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Apex Legends vs Anthem launch marketing comparison

Dan Thomas
Dan Thomas
Head of Game Services 22 Feb 20196 minutes read

Dan compares the video game launch marketing of Apex Legends and Anthem. Two high profile video game launches by EA owned studios Respawn and Bioware in February 2019.

February has played host to the launch of two major titles from games industry powerhouse, EA. Apex Legends was released on 2nd February by EA-owned studio Respawn. Today (22nd February), is the public release of Anthem by another EA studio, Bioware.

I have been obsessively watching the launch proceedings for both of these titles which offers some fascinating aspects to compare, contrast and speculate on. To be clear, neither myself or Etch Play have any involvement with either of these titles, this post is simply spectator/enthusiast speculation based on no insider knowledge whatsoever (that said, if anyone from Respawn, Bioware or EA would like to chat, hi there! đź‘‹ Find me on Twitter or LinkedIn).

Similarities

Whilst very different games overall, there are some similarities between these titles that makes for a worthwhile comparison:

Differences

Despite the vague similarities, what makes things really interesting is how the titles and in particular their launch campaigns have differed.

anthem vs apex search figures

Web search comparison since June 2017 of ”Anthem“ (blue) and ”Apex Legends“ (red) 

My Thoughts

Both Apex Legends and Anthem launches are super-interesting to follow. It's great to see what's doable with big-publisher budgets in the marketing arena and initiatives like Anthem's live action short by Neil Blomkamp, EA and Bioware have not disappointed.

With Apex Legends, it's fascinating to see a AAA studio, backed by a corporate behemoth doing something so outrageous. Equally, it's satisfying to seemingly see it pay dividend for Respawn. Anthem ticks a lot of the "best practice" boxes but recent years have certainly challenged "best practice" at all corners of the industry, from AAA to indie so it's exciting to see a change of tack.

To say Apex launched with “no marketing” would be disingenuous. Clearly it was a very considered and intentional approach. But it is fair to say the overall launch campaign was much leaner and far more focused, seemingly (and from a totally ignorant perspective) executing with much less of an overhead in terms of human resource and marketing spend. My impression is that Apex has benefited greatly from this strategy and it's hard to suggest how it could have launched much more effectively.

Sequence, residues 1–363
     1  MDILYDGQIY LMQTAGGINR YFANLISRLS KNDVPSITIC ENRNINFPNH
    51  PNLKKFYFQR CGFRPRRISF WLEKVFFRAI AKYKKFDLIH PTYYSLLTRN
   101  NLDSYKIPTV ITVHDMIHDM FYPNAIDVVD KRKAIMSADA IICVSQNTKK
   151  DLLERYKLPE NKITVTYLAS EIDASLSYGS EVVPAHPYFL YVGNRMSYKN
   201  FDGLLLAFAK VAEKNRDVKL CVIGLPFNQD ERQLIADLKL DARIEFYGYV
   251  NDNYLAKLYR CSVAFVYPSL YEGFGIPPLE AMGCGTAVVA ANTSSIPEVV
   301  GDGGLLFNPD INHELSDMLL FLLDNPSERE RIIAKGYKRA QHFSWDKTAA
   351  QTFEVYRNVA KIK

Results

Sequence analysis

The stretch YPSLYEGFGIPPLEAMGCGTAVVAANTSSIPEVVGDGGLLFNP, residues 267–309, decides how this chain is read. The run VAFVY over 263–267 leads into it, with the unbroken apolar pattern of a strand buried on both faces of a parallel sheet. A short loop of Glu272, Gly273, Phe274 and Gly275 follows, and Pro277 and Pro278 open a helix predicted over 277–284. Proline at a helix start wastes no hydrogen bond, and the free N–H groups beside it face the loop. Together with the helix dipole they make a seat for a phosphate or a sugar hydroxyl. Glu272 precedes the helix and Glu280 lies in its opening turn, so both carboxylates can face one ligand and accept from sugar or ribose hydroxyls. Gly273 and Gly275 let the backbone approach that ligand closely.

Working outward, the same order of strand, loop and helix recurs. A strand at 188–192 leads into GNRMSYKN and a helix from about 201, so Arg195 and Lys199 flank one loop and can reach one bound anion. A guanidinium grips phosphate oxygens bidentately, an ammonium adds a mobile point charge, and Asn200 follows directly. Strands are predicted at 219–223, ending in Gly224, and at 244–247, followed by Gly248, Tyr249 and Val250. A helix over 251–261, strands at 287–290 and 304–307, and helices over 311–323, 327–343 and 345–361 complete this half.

Lessons learned

Respawn's previous release, Titanfall 2, had a similar scheduling conflict. Titanfall 2 was released in October 2016, one week after EA poster child, Battlefield 1 by DICE (another EA-owned studio). The week after, competing publisher Activision’s then-latest title, Call of Duty: Infinite Warfare was also released. Whilst Titanfall 2 launched with very positive reviews, attention was certainly eclipsed by the Battlefield 1 and Call of Duty fanfare.

Apex Legends launching with next to no marketing build-up was certainly a risky move as it’s a fairly unprecedented strategy. After following the more traditional launch route with Titanfall 2, I wouldn't be surprised if Respawn felt they had nothing to lose, so a fresh approach seemed appealing. Respawn themselves have also acknowledged other benefits to the tactic related to the make-up and monetisation strategy of the game they’ve developed:

"We're doing a free to play game, with essentially loot boxes, after we were bought by EA, and it's not Titanfall 3. It's the perfect recipe for a marketing plan to go awry, so why have that - let's just ship the game and let players play." - Drew McCoy (Lead Producer, Respawn)

The end of launch campaigns?

I don’t think it’s realistic to say the success of Apex Legends spells the end of traditional marketing campaigns for video game launches. It does hopefully however, set a precedent that there is still much room for experimentation and doing things differently. I love how successful Apex has been and I’ve no doubt Anthem will also attract a huge player base. Only a few privileged folk at EA will have the luxury of comparing the return on marketing investment for each, but I hope we see more experimentation and bold moves like this for future releases.

What do you think?

Drop us a message or reach out on Twitter with your thoughts, we'd love to hear from you.